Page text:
# F-formation discovery in static images

"An F-formation arises whenever two or more people sustain a spatial and orientational relationship in which the space between them is one to which they have equal, direct, and exclusive access." [Kendon, 1990]

 Detection of groups of interacting people is a very interesting and useful task in many modern technologies, with application fields spanning from video-surveillance to social robotics. In this page we collect all the work on this topics performed at the University of Verona by the VIPS Lab members. Two alternative strategies have been proposed over the last years: one based on Hough-Voting and one on Graph-Cuts. All the code and data in this page are freely usable for any scientific research purpose, but if you do that, please cite the related papers. We strongly recommend the reading of the paper "F-formation Detection: Individuating Free-standing Conversational Groups in Images" for a rigorous definition of group considering the background of the social sciences, which allows us to specify many kinds of group, so far neglected in the Computer Vision literature. On top of this taxonomy, a detailed state of the art on the group detection algorithms is presented in the paper.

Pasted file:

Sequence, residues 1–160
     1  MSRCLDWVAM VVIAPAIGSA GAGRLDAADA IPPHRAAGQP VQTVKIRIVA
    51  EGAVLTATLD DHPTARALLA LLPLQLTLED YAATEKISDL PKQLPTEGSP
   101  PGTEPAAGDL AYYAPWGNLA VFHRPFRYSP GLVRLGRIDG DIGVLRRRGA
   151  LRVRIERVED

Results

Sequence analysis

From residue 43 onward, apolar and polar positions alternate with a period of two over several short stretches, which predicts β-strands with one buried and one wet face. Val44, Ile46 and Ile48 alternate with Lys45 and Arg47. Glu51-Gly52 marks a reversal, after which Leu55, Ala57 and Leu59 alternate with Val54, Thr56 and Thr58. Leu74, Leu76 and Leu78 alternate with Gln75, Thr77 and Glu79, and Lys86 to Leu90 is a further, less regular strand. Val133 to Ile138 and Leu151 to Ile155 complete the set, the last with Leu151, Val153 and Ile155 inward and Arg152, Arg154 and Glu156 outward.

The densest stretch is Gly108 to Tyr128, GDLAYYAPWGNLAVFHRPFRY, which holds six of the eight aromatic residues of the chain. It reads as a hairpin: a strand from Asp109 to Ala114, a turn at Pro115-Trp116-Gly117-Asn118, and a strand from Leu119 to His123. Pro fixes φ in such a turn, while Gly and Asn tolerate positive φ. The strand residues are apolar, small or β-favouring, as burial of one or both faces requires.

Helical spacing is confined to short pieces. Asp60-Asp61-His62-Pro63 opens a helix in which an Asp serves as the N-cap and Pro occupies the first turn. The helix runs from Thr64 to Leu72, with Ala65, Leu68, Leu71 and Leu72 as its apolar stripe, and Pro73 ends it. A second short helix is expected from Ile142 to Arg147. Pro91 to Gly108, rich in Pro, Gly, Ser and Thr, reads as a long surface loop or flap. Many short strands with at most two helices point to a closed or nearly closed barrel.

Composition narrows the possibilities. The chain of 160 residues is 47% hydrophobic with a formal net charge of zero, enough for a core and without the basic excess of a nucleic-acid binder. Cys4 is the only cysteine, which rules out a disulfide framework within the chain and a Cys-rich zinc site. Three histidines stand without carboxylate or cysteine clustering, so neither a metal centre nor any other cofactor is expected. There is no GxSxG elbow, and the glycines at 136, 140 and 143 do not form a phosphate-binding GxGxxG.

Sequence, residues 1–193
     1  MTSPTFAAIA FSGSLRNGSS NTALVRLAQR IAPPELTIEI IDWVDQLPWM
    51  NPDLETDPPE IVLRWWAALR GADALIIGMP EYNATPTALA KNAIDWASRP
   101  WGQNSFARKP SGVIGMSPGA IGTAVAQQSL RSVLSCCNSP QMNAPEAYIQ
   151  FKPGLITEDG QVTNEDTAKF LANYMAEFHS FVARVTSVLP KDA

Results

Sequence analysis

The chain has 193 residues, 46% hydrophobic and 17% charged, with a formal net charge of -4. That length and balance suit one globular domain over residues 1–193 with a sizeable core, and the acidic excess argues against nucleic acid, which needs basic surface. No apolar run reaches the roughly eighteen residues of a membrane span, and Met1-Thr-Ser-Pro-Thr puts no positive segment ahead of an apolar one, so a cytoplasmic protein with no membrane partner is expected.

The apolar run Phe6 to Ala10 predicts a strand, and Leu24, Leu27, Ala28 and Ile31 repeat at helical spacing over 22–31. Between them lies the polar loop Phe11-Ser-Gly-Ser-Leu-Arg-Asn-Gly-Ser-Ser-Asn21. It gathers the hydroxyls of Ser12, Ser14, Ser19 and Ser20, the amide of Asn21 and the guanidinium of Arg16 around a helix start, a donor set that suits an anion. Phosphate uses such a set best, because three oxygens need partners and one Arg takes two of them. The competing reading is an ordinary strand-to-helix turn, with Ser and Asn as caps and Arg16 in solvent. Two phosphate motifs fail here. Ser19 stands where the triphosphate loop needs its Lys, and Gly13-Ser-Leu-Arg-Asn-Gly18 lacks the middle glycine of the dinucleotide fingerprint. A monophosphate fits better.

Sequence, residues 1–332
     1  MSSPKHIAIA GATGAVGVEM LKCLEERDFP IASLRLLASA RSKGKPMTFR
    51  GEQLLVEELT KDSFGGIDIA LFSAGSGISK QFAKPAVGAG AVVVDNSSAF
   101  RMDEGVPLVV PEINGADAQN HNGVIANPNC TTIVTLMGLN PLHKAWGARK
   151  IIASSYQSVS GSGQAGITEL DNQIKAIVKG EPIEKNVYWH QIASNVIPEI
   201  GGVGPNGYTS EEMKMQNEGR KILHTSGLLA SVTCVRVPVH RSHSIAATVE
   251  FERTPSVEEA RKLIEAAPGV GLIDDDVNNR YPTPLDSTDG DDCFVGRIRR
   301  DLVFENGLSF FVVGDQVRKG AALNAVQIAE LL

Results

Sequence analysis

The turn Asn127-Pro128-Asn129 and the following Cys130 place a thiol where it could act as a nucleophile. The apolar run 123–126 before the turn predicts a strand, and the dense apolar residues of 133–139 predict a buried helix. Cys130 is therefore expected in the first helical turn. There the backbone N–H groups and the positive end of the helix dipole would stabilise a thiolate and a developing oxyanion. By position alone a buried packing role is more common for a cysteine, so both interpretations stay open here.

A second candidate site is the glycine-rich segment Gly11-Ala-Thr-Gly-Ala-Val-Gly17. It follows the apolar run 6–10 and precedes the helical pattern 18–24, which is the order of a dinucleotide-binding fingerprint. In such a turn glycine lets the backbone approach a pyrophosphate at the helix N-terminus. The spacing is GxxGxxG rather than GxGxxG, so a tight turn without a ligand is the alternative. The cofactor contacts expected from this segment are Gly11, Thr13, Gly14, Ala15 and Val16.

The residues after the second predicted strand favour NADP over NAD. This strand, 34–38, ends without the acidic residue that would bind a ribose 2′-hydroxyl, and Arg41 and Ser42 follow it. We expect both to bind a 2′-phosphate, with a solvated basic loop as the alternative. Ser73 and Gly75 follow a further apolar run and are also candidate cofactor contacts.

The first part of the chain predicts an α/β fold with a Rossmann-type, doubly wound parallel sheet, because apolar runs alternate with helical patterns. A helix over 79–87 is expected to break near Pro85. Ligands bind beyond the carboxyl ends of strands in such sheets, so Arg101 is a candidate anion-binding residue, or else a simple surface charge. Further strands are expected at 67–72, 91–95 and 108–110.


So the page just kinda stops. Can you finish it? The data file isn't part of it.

In practice, an F-formation is the proper organization of three social spaces: o-space, p-space and r-space. The o-space is a convex empty space surrounded by the people involved in a social interaction, where every participant looks inward into it, and no external people is allowed in this region. The p-space is a narrow stripe that surrounds the o-space, and that contains the bodies of the participants, while the r-space is the area beyond the p-space. There can be different configurations for F-formations; in the case of two participants, typical F-formation arrangements are vis-a-vis, L-shape, and side-by-side. When there are more than three participants, a circular formation is typically formed.

## Methods